Print this page    •   Back to Web version of article

The UN Responds to Calls for Haiti AIDS Strategy, but Activists Are Skeptical

By Charles King

March 2, 2010

There's nothing like a call for a demonstration to get action. Yesterday, following our conversation about making good on the threat Edner made at the last HIV Cluster meeting, he began making calls to enlist support for a demonstration later this week over the lack of a plan from the UN and USAID for caring for people with HIV/AIDS. Within hours, he received a call from a senior in-country advisor to the UN.

"We at the UN and USAID are working on a plan together," she said. "We should have something out soon. Now would not be a good time to have a demonstration."

Edner noted that six weeks has now passed without a plan, much less any action. "We will meet with you and the PHAP+ leadership later this week, and share with you what we have developed," the advisor said. "Just agree not to do a demonstration until we have had a chance to meet."

Edner has agreed to organize a meeting this Thursday for the unveiling of the HIV/AIDS disaster response plan. But he hasn't put aside plans for a demonstration. "The plan cannot just be something on paper. We don't have time for any more studies or needs assessments. We need action that gets people with HIV/AIDS food, water, shelter, and, most important, access to their ARVs."

Meanwhile I ask Edner about progress with Dr. Surena, the presidentially appointed chair of the Haitian Committee for Health Relief, on access to medications, including ARVs.

"Dr. Surena is out of the country apparently," Edner said "He's trying to get a rest." Edner adds that while Dr. Surena was correct about a warehouse full of medication, it didn't have any ARVs. Those are all under the control of Global Fund and PEPFAR/USAID, not the Haitian government.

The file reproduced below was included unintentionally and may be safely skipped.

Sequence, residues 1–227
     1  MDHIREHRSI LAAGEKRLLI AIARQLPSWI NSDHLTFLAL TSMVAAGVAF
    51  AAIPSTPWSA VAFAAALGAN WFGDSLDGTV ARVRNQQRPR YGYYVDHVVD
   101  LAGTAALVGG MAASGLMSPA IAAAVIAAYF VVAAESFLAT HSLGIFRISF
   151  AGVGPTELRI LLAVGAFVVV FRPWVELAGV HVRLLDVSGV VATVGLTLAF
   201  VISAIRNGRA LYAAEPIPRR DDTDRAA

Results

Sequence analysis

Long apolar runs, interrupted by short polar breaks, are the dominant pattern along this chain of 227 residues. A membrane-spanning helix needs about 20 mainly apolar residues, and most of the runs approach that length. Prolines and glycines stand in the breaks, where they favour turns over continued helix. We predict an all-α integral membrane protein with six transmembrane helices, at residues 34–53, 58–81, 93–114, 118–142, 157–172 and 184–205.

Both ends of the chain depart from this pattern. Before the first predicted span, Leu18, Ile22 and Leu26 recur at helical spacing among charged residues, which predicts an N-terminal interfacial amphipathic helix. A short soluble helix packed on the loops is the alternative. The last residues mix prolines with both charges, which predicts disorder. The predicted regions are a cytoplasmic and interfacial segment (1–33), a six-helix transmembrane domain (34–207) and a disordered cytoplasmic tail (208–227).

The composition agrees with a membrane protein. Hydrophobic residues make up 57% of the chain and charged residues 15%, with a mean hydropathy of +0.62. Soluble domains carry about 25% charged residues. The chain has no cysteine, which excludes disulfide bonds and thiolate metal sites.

Meanwhile, we are light on volunteer medical staff. One doctor, Pierre Jeannot, has gone with two SOLO EMTs to reopen the clinic in St. Marc. It was closed all last week for lack of medical providers. Two other EMTs are holding down the fort at the PHAP+ clinic while awaiting the arrival this morning of nurse practitioner Shana Spitzman. One of the EMTs sent me the following note last night:

My name is Monroe Mann. I am an EMT from NY-NH (SOLO) working here in POP in one of the local Housing Works clinics. Today was my first day. My fellow EMT Dave and I treated about 25 patients today -- from common colds to broken bones to urinary tract infections. I am very pleased to be able to help and look forward to our continued service. We also look forward to the arrival of the incoming nurse practitioner to help us -- the biggest issue is lack of an infrastructure down here, which has also led to a lack of medications: doxycycline, pregnancy tests, expectorant for coughs, and others. Solo (Rowan) and Housing Works (Edner) have done a great job organizing this relief effort but the key thing to understand is that the relief effort is not over -- there are still tens of thousands living in tents, without medical care, and in dire poverty -- these people are grateful for our help and are in desperate need of it. I look forward to my continued involvement.

This last weekend, four people are known to have died and four became missing in the heavy rains in the southwest part of the country. And the rainy season has yet to begin. Meanwhile, while the Haitian government has been holding firmly to the number of 217,000 dead and 70,000 missing, the Haitian Roman Catholic cleric, Archbishop Louis Kebreau made waves by publicly estimating the number of deaths at 500,000.




This article was provided by Housing Works. You can find this article online by typing this address into your Web browser:
http://www.thebody.com/content/art55780.html

General Disclaimer: TheBody.com is designed for educational purposes only and is not engaged in rendering medical advice or professional services. The information provided through TheBody.com should not be used for diagnosing or treating a health problem or a disease. It is not a substitute for professional care. If you have or suspect you may have a health problem, consult your health care provider.